Major Las Vegas Casinos Closing to Prevent Spread of COVID-19

Announcement follows a wave of layoffs and furloughs at MGM

people watch a fountain show in front of a las vegas casino
The Bellagio is one of MGM Resorts International's properties closing until further notice due to COVID-19. Getty Images
Headshot of Kathryn Lundstrom

Key insight:

UPDATE: Late Monday, The Cosmopolitan of Las Vegas announced that it would close at 6:00 p.m. on March 18, effective through March 31. On Tuesday, local news outlets reported that the Las Vegas Sands would begin the process of closing its properties, The Venetian and Palazzo, effective until at least April 1.

Of the about 40 hotels and resorts along the Las Vegas Strip, 15 will close their doors in an attempt to curb the spread of the novel coronavirus.

MGM Resorts International said Sunday that it would suspend operations at its 13 Las Vegas properties until further notice, effective Tuesday. CEO Jim Murren noted that despite earlier efforts to ramp up cleaning practices and cancel large gatherings at the group of businesses, “it is now apparent that this is a public health crisis that requires major collective action if we are to slow its progression.”

MGM’s Las Vegas properties include Aria, Bellagio, Delano, Excalibur, Luxor, Mandalay Bay, MGM Grand, Mirage, New York-New York, NoMad, Park MGM, Signature at MGM Grand and Vdara.

The announcement follows low occupancy rates and a wave of furloughs and layoffs at the MGM properties reported late last week by the Las Vegas Review-Journal.

Wynn Resorts also announced on Sunday the temporary closing of its Las Vegas hotels, beginning at 6 p.m. on Tuesday. The sister properties along the Strip will be shuttered for two weeks, at which point the company will reevaluate. Wynn Resorts will continue to pay all full-time employees during the closure.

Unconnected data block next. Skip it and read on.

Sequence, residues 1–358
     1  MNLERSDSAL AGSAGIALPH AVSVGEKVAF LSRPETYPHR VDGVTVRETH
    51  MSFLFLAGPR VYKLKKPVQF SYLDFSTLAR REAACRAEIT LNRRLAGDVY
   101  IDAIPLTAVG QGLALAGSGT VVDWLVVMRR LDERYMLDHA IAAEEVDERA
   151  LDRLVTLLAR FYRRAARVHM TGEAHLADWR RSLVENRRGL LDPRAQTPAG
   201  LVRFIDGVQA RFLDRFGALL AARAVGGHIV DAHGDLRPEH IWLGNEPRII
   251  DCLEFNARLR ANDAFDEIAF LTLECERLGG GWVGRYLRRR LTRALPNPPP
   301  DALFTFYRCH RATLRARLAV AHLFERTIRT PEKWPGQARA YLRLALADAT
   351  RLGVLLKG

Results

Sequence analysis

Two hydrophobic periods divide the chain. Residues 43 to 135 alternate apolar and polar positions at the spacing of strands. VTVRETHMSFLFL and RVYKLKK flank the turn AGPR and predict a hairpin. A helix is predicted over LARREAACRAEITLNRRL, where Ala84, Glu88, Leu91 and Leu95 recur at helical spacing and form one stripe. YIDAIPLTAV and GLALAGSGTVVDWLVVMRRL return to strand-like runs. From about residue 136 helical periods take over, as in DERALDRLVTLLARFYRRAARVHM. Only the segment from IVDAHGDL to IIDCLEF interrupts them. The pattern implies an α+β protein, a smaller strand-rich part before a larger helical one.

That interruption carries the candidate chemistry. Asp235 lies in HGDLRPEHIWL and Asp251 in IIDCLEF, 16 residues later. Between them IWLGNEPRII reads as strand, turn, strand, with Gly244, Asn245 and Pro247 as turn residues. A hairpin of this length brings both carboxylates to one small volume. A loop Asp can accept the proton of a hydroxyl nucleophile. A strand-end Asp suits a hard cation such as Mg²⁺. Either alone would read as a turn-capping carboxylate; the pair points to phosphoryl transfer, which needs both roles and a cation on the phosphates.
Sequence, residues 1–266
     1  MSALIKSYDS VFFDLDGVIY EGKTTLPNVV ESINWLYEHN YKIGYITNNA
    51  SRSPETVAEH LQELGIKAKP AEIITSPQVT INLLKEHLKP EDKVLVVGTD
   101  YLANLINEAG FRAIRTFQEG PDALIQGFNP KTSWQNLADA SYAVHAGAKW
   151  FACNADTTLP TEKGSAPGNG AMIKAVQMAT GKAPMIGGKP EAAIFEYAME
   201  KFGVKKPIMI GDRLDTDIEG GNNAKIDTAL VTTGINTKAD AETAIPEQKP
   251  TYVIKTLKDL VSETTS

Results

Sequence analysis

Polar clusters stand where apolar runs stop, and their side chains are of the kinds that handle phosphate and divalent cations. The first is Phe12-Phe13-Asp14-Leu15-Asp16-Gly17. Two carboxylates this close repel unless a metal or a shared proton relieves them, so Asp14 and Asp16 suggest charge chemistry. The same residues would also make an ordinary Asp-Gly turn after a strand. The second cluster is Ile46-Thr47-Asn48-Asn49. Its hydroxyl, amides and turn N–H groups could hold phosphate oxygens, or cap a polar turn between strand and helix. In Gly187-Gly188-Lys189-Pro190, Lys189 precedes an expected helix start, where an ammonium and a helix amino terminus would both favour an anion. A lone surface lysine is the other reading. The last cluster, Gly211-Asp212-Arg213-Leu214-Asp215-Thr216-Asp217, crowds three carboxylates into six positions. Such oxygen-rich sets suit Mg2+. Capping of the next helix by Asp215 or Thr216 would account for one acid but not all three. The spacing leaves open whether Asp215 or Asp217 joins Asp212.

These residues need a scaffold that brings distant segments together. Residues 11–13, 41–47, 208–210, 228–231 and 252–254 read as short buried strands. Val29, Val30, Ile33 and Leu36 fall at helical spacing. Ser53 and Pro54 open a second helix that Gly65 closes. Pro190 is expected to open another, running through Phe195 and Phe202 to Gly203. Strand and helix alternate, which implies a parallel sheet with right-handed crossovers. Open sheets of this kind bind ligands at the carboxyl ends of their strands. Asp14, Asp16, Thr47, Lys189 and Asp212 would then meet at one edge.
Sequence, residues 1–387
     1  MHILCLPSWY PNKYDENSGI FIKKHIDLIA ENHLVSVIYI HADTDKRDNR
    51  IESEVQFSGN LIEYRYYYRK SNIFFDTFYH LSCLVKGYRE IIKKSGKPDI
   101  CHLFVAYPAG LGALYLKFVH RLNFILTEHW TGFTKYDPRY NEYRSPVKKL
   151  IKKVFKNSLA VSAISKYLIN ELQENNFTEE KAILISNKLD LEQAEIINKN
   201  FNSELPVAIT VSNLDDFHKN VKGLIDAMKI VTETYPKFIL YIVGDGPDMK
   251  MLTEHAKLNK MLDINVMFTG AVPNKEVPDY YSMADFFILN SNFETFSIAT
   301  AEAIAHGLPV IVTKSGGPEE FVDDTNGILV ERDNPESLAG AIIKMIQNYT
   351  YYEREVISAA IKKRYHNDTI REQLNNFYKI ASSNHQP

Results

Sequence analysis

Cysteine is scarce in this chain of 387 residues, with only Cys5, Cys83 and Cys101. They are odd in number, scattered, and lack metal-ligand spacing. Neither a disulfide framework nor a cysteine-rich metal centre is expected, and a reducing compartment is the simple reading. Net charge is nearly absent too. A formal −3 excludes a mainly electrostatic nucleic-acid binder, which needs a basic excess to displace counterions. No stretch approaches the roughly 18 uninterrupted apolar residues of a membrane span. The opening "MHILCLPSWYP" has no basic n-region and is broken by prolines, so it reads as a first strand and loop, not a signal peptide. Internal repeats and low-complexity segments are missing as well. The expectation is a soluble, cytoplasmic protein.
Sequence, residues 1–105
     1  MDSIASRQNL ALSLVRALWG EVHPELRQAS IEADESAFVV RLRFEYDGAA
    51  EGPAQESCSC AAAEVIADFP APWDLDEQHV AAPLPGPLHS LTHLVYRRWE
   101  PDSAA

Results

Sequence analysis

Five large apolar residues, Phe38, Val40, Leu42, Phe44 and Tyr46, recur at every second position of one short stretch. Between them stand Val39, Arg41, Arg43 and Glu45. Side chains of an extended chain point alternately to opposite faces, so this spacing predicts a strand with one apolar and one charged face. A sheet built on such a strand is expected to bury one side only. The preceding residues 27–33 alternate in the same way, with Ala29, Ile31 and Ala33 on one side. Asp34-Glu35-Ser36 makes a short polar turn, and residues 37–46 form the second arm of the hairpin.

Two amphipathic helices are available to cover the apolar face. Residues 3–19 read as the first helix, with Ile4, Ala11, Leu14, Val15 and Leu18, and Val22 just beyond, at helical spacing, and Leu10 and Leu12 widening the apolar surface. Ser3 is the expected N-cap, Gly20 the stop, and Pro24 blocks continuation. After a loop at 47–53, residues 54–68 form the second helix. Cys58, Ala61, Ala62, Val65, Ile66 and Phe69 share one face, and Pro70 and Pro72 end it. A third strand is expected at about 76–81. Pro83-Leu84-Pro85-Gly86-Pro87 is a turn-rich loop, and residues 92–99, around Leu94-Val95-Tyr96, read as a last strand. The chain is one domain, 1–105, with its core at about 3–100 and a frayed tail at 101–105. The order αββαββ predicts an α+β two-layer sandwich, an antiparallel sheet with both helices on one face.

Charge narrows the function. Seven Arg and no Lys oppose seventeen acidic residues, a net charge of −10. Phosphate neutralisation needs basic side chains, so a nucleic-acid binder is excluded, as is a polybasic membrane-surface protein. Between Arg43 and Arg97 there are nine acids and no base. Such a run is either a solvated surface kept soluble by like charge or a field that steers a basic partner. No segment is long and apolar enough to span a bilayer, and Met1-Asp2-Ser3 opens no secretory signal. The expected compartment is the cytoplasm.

Many other properties along the Strip and within the city remain open, though several, including Caesars Entertainment and The Venetian, have enacted special cleaning protocols to limit the spread of the coronavirus within the resorts and casinos. Caesars also canceled all live performances through the end of March.

In a Sunday press conference, Nevada Gov. Stephen Sisolak laid out guidelines for the state’s gaming floors, capping the number of players at each table at three and requiring machines be cleaned at least every two hours. Buffets, a popular feature at several Vegas resorts, must be served by employees. Sisolak left the decision to close up to individual resorts.

The unprecedented Las Vegas resort closures are another indication of the way the tourism industry is being ravaged by COVID-19. The pandemic has also led major cruise lines to suspend operations, airlines to cancel intercontinental flights, and California wineries to close their doors.

@klundster Kathryn Lundstrom is Adweek's breaking news reporter based in Austin.